Oh to live in a world populated by endless Kylies, in all their pink and light blue splendor, blonde curls forever tossed by the wind, a bombshell calmly oblivious to the chaos blooming around her, duplicate upon duplicate, doubling and redoubling into infinity. Or it may be some sort of cursed recursion, a tangled loop where Kylie after Kylie after Kylie proliferate uncontrollably, a world into which you may not want to come: Kylie, eleison. In his feature films Gondry has shown an interest in repetition (the joy of repetition really is in him, as Hot Chip once sang), about the possibility of eternal return, but it’s in this video – shot in fifteen takes, a disappointingly finite number – where the idea sees its clever visual fruition. (It’s also my favorite Gondry work so far.) Or perhaps it’s a sly comment on the world of celebrity: the steady accretion of public personas amidst the media swirl, as omnipresent cameras stalk her in the streets as she performs the ordinary act of picking up her own dry cleaning, until she and we lose track of the real Kylie amidst the multitudes of Kylies, Kylie ceaselessly imploring you to lift her up, up, high upon your love, condemned to strut forever on an infinitely scrolling catwalk.
I think it might have been Sofia Coppola – was it in that awkward interview that was part of the DVD? — where she reveals that Lost in Translation didn’t have to be set in Tokyo, and could have been anywhere. (Or was that Danny Boyle talking about Mumbai and Slumdog Millionaire?) There’s an odd sense in which Tokyo!, the surreal cinematic triptych featuring films by Michel Gondry, Leos Carax, and Bong Joon-ho, takes the city, its streets, and its cramped apartments for inspiration, but seemingly little else.
Part of what makes Tokyo! so potentially appealing to critics (and to myself, at least) was the backgrounds of its directors, none of whom were from Japan (or Tokyo, for that matter): one (Carax) from France, one (Bong) from South Korea, and one (Gondry) just possibly from outer space. The idea, I think, was that their particular national sensibilities – or, at least on a more generic level, their being not-Japanese – would inform and create different perspectives on Tokyo. But such an appeal, i.e., that difference, seems premised on a kind of national essence – whether Japanese or French or Korean – that doesn’t quite sit well with me. Still, here we have three very different directors, with different cinematic sensibilities (though I confess I haven’t seen anything else by Carax), but the result is something of a misfire all in all.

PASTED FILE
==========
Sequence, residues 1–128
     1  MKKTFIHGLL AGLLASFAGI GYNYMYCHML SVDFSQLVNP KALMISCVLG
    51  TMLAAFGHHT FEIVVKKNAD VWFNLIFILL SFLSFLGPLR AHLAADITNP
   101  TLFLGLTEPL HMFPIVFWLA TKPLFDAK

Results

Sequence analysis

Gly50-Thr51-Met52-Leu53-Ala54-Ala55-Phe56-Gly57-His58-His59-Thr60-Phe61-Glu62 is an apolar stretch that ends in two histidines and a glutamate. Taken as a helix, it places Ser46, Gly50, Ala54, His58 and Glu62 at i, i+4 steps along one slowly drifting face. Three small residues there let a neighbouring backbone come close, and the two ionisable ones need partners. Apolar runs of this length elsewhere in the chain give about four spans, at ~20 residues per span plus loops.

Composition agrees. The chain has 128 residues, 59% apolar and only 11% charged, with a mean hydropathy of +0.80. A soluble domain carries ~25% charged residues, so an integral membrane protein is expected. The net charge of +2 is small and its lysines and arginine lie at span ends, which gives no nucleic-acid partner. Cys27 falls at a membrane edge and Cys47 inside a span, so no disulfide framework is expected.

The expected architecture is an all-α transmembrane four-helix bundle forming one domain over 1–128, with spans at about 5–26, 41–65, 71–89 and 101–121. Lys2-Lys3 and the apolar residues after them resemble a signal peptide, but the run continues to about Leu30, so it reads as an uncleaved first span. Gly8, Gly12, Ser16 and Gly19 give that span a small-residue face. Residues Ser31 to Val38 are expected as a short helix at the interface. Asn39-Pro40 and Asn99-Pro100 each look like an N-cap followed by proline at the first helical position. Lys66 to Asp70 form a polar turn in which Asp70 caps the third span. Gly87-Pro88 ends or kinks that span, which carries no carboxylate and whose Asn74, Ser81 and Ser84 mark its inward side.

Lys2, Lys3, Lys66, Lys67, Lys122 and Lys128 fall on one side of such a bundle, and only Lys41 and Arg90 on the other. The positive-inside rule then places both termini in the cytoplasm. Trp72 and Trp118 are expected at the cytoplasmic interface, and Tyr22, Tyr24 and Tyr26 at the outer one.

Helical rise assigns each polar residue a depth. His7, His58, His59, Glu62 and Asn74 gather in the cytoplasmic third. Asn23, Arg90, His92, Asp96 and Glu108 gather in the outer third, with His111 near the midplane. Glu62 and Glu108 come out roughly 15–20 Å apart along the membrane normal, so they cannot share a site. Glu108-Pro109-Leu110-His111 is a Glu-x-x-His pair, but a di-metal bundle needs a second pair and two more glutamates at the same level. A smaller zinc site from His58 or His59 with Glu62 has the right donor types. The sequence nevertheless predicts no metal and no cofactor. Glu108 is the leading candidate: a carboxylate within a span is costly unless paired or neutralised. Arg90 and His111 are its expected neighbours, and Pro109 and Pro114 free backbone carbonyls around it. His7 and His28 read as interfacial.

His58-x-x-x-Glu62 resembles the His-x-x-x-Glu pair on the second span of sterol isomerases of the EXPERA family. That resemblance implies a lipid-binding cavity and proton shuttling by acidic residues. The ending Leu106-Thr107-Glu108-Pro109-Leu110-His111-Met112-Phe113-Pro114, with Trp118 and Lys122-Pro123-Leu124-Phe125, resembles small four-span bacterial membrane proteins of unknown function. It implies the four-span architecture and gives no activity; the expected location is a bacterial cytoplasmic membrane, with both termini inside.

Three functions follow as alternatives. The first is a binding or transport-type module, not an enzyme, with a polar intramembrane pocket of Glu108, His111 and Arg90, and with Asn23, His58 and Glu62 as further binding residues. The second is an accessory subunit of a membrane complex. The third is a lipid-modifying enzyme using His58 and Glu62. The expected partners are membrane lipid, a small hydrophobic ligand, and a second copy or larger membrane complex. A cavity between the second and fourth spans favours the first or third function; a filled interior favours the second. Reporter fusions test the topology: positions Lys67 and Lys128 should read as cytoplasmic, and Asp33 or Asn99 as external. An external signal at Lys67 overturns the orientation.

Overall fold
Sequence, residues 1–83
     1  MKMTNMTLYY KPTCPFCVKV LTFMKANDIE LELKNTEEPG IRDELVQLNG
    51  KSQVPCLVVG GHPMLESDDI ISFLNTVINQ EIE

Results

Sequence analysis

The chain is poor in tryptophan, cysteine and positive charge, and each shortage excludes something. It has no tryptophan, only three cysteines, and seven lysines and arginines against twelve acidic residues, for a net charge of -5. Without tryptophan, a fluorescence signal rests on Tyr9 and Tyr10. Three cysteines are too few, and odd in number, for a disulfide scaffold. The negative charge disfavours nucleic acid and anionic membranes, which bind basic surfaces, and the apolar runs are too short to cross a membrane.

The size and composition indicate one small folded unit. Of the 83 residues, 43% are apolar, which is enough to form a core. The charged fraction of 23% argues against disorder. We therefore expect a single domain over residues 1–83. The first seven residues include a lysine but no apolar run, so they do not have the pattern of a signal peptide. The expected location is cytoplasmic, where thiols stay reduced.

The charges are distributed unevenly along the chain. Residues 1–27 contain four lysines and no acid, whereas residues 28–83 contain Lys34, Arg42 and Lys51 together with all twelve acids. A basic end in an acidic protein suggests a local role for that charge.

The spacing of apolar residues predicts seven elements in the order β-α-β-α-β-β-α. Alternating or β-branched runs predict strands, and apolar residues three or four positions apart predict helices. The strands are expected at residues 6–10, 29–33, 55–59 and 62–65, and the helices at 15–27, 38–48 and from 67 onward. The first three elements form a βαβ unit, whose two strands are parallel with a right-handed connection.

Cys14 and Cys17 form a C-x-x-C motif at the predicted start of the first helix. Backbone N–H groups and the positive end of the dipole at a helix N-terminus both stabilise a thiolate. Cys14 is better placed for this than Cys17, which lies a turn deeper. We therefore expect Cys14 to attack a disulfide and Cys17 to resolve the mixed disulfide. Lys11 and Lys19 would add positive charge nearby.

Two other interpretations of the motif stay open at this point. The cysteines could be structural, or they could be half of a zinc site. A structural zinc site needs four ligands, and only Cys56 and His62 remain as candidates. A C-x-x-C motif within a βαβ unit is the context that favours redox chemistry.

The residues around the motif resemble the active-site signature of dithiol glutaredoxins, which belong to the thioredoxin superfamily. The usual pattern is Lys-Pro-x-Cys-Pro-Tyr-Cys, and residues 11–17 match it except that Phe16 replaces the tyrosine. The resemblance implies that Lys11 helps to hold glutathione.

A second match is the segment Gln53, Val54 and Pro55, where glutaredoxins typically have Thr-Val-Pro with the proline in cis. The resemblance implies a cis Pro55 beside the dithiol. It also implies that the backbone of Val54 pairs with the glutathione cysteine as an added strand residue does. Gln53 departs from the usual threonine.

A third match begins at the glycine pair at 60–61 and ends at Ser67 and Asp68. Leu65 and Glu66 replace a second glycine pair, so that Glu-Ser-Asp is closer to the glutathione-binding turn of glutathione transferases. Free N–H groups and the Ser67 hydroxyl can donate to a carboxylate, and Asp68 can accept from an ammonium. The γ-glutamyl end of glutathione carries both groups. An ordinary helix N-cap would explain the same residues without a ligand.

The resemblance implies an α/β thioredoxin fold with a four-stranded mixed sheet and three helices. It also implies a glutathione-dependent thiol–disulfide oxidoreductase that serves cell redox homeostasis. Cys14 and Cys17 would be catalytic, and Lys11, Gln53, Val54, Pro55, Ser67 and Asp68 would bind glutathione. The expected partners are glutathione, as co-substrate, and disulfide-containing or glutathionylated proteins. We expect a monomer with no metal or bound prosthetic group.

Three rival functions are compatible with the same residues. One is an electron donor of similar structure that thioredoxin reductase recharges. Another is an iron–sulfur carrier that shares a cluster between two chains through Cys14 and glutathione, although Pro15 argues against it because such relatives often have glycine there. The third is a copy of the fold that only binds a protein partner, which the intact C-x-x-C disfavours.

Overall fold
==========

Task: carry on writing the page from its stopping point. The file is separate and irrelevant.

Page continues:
I’ve never been to Japan or Mumbai, but there’s something about those two films mentioned above in the first paragraph that’s very clearly anchored in location, even if storywise the plots can be transplanted. It seems, at first glance, that there’s nothing specifically Japanese about Tokyo!… and yet I find myself slipping into that same “fallacy” about Japaneseness. (How exactly would I envision something “typically” Japanese? Would I have been satisfied if Gondry animated some giant marauding Hello Kitty, creating havoc across a country landscape?)
Continue Reading »